A creditor should not issue a creditor’s statutory demand if there is a genuine dispute about the existence or the amount of a debt.
A genuine dispute is a dispute that is real and not hypothetical or spurious.
The threshold for a debtor seeking to prove the existence of a genuine dispute is low and the Court will not look into the merits of the dispute, rather, the Court will only determine whether the genuine dispute exists or not.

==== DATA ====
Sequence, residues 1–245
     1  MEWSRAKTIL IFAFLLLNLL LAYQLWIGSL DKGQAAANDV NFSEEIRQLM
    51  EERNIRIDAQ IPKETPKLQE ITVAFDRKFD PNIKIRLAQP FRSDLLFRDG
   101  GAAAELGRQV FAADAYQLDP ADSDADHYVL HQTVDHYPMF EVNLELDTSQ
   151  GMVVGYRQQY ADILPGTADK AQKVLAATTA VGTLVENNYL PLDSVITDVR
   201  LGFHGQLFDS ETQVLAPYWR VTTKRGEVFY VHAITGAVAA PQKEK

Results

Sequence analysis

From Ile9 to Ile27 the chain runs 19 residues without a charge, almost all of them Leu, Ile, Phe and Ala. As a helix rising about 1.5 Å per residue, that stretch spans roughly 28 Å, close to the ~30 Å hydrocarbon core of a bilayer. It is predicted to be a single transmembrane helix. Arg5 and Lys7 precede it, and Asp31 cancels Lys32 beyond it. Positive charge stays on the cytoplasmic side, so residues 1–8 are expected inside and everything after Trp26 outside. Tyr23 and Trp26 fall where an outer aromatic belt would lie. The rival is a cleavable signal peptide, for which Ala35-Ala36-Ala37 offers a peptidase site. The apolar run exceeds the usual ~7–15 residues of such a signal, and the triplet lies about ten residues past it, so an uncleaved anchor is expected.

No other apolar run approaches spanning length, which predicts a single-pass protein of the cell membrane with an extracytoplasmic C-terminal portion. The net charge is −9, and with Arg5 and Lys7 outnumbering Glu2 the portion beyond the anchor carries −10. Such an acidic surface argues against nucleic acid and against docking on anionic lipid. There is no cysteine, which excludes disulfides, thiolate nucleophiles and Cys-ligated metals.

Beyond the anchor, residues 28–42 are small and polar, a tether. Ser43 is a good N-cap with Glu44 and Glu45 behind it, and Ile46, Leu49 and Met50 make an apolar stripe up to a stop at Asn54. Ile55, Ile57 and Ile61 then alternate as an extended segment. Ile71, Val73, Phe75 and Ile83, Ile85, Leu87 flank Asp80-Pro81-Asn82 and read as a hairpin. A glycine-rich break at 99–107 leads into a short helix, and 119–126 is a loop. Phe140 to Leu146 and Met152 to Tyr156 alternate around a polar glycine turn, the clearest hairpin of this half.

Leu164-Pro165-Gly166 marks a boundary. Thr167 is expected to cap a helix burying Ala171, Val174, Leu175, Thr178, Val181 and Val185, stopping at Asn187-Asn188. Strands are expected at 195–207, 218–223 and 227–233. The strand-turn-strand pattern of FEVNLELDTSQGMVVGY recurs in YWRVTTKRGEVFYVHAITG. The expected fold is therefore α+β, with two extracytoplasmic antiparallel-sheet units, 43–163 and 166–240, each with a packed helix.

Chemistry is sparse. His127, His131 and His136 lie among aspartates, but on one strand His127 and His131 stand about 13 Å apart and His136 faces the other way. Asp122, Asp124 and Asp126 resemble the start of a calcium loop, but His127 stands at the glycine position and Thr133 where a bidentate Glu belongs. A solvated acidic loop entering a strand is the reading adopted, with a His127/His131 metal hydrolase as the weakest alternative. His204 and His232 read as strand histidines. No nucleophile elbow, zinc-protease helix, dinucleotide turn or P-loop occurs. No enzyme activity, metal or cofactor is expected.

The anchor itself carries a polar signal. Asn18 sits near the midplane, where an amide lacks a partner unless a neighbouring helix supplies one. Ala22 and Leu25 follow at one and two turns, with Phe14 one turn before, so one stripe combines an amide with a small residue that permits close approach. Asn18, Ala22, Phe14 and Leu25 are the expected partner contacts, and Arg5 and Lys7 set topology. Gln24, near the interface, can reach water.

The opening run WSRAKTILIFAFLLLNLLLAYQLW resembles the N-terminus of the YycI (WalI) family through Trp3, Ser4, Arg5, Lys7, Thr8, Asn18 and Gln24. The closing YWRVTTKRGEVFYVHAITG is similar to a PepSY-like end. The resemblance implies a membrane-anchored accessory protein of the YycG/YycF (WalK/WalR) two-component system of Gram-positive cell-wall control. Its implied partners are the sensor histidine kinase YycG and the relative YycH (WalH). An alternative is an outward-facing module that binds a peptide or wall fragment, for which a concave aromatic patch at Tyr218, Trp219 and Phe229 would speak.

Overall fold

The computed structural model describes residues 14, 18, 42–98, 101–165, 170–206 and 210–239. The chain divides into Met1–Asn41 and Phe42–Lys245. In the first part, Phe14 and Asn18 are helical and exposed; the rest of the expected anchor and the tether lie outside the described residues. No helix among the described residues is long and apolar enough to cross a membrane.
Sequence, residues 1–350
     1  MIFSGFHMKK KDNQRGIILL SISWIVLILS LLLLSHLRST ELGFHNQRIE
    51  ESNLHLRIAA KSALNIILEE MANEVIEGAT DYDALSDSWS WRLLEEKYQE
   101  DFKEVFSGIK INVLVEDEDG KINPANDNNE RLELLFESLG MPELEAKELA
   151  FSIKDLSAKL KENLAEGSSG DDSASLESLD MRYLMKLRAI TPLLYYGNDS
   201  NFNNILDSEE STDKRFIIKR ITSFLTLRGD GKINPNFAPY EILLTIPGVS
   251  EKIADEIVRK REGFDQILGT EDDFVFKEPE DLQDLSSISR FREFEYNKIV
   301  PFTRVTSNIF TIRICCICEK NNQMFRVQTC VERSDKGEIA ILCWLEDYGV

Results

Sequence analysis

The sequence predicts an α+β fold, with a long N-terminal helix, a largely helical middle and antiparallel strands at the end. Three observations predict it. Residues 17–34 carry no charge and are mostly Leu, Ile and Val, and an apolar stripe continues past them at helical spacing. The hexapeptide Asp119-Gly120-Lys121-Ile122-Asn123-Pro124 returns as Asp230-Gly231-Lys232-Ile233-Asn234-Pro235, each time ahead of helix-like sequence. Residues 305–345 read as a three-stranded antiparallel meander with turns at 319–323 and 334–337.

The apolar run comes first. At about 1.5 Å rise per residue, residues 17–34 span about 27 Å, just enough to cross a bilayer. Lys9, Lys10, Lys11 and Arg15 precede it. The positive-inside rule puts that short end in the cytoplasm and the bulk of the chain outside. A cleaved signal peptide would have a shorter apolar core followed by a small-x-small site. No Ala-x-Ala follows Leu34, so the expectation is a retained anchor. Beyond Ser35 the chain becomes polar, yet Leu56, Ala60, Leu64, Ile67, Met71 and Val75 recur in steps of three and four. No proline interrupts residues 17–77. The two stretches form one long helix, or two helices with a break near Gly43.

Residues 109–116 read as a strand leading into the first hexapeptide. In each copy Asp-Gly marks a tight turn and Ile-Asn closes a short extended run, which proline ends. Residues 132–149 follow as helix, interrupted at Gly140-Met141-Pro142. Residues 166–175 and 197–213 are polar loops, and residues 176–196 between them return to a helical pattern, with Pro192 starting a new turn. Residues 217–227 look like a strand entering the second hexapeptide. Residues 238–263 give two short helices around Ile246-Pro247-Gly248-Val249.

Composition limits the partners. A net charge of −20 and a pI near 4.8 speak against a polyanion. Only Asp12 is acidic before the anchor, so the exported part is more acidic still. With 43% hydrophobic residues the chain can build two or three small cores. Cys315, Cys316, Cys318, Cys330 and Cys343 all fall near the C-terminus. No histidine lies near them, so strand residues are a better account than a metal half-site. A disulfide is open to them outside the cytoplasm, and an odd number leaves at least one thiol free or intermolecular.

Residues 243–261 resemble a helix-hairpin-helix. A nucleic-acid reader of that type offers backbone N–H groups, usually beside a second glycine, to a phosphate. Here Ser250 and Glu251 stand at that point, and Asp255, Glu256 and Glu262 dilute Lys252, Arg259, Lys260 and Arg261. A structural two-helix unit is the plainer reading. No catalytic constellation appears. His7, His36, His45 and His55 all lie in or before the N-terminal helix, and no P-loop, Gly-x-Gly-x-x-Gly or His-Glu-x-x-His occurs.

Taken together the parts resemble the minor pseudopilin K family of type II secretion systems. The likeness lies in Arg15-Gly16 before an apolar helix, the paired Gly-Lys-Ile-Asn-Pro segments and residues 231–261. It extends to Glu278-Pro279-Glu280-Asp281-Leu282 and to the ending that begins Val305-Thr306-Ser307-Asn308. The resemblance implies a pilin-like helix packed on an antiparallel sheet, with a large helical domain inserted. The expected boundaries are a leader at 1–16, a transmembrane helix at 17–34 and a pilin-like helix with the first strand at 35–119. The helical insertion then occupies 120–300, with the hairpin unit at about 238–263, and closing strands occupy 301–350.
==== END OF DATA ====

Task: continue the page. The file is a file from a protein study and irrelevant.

Some examples of a genuine dispute may include:
If a debtor receives a creditor’s statutory demand and the debt referred to in the demand is disputed, the debtor may apply to the Court to set aside the demand.
Creditors should carefully consider whether there is a dispute relating to a debt prior to issuing a creditor’s statutory demand and as always, exercise caution when issuing a demand.